On whether descriptive, non-predictive stats really have use

As many of you know, I love reading about baseball and soccer analytics. I think that in baseball’s case, having the “first mover” element means that later-adapting sports like hockey can look to copy many of their concepts and ideas, even if the sports are quite different. Soccer, meanwhile, is quite a similar game to hockey – just a slower version – and therefore many of the more specific practices translate quite well.

Soccer is at an interesting point though because they, unlike baseball, are uncovering new statistics (courtesy of companies like Opta) while also just now figuring out which of those statistics are meaningful. You can get an idea of how far behind analytics in soccer is by the fact that its main predictive statistic: Total Shots Ratio – which is essentially the soccer version of corsi – is actually based on corsi.

Anyway, I was just reading this article by Mike L. Goodman (seriously, what would we do without Grantland these days?) and I was drawn to one particular paragraph, which discussed a concept that I think hasn’t completely been fleshed out – and may not be for some time – when it comes to descriptive vs. predictive statistics, and their merits. Here’s the passage:

“Arguing against the box score (and counting numbers) argues against using statistics for descriptive purposes. While traditional baseball stats are not particularly predictive of what will happen, they are very descriptive of what has happened. Try describing how the Baltimore Orioles played over the last week without using statistics, or try explaining how good Clayton Kershaw is. Stats that are increasingly becoming discredited in baseball don’t fail to describe how good or bad performance has been; they fail to explain the whys of that performance and, consequently, whether or not they would continue.” (Bolding my own)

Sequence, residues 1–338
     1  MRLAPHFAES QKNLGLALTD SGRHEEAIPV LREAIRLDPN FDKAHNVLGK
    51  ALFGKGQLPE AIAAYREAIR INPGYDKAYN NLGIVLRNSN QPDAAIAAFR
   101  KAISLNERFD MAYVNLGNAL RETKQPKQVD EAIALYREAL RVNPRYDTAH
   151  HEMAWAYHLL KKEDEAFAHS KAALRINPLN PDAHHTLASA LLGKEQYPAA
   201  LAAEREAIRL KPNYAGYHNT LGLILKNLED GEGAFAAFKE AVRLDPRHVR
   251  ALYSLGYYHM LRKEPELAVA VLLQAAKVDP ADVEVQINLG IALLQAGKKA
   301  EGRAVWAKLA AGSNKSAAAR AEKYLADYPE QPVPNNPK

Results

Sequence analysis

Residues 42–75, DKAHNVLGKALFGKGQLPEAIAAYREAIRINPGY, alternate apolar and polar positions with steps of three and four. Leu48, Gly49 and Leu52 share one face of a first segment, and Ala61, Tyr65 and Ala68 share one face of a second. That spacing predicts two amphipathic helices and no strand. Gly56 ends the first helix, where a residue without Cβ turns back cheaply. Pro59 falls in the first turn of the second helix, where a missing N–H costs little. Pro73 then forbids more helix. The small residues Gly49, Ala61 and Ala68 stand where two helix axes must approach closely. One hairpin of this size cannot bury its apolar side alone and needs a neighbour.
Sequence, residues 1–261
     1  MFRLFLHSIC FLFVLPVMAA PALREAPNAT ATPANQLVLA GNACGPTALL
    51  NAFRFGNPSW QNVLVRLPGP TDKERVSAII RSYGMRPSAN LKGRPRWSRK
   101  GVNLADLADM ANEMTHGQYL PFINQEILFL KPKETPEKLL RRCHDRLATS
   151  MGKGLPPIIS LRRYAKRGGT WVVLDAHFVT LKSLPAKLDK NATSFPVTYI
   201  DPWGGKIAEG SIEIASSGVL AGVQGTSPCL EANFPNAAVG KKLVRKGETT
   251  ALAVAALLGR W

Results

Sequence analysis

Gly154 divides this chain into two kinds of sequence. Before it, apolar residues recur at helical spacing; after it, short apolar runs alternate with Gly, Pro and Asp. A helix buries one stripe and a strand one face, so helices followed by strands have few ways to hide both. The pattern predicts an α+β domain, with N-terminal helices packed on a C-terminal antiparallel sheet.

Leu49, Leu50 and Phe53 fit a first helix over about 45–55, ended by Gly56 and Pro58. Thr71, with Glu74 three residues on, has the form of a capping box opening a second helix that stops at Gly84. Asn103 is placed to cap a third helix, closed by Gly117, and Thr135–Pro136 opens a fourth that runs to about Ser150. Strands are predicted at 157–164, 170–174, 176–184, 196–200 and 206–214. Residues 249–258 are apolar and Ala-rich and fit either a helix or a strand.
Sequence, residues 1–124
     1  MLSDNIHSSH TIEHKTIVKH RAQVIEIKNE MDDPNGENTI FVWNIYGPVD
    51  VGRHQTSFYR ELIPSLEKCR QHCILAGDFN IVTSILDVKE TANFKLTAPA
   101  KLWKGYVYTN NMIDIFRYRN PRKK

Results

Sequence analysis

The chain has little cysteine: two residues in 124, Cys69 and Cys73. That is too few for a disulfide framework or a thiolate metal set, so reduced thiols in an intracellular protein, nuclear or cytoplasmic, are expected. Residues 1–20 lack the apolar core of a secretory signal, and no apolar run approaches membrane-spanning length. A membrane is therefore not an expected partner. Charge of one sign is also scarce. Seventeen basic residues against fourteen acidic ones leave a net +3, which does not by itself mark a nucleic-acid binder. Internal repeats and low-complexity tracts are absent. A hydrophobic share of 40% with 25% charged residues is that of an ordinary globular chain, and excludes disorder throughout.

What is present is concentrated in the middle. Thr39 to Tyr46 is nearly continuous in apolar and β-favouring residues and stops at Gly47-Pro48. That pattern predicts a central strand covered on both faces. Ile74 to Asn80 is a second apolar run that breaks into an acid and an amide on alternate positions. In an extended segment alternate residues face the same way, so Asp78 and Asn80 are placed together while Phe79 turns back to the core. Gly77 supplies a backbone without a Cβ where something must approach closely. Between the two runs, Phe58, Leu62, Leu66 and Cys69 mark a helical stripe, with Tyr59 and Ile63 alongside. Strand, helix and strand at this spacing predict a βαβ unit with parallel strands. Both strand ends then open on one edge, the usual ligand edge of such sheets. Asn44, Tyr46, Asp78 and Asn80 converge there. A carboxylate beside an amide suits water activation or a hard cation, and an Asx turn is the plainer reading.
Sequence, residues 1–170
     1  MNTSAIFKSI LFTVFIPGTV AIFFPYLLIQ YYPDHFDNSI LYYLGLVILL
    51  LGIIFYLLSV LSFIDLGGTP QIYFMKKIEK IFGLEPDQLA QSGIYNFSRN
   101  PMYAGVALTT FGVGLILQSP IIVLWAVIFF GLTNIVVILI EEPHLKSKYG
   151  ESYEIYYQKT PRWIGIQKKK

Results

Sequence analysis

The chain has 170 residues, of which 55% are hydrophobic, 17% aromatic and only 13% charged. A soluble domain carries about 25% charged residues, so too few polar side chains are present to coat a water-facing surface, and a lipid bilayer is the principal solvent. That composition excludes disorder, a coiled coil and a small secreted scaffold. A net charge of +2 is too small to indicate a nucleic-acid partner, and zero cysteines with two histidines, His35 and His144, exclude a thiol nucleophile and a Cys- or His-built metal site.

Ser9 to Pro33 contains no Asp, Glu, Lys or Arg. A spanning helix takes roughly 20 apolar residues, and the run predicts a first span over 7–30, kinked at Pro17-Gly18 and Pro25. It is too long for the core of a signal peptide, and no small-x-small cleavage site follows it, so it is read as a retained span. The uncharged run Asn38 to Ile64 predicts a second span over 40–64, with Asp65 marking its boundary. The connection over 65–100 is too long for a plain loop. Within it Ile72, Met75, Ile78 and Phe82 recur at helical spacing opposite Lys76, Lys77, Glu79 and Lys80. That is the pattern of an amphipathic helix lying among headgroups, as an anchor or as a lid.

Goodman claims that statistics that are descriptive but not predictive still have value in answering questions like “how well has team X played over the past week” or “how good is X player”. But is that really the case?

Let’s take an example that hits close to home for hockey fans. PDO. It doesn’t stand for anything but I like to think of it as “Percentage-Driven Output”. It is shooting percentage + save percentage, and if that number is significantly higher than 100, you’ve probably been lucky, and vice versa. Why? Because there has been no proof that in most cases maintaining that is sustainable. Goodman, based on this article, would say that a number like goal differential, which incorporates both fairly sustainable (shot differentials) and not very sustainable (shooting success) elements, is useful in determining which teams are good or have been good, even if they don’t predict which teams will be good in the near future.

But does that really make sense? On the one hand, we want to recognize past accomplishments, whether or not they are repeatable. Think Justin Williams and his game 7 prowess. But on the other hand, if it’s understood that success (or failure) isn’t sustainable, then is it really fair to use that success in descriptions as “good” or “bad”?

Let’s look at this another way. Goodman says that conventional stats like RBI or goal-differential are “descriptive of what has happened.” On the surface, this is true. But if they don’t give  an accurate description of why things have happened, then what what good does it do? In the end, it just adds to one of the bigger roadblocks to analytics acceptance that there is: belief that we understand the past, when we don’t.

Consider these quotes from two renowned authors and thinkers in the fields of psychology and statistics.

“The core of the illusion is that we believe we understand the past, which implies that the future also should be knowable, but in fact we understand the past less than we believe we do.” – Daniel Kahneman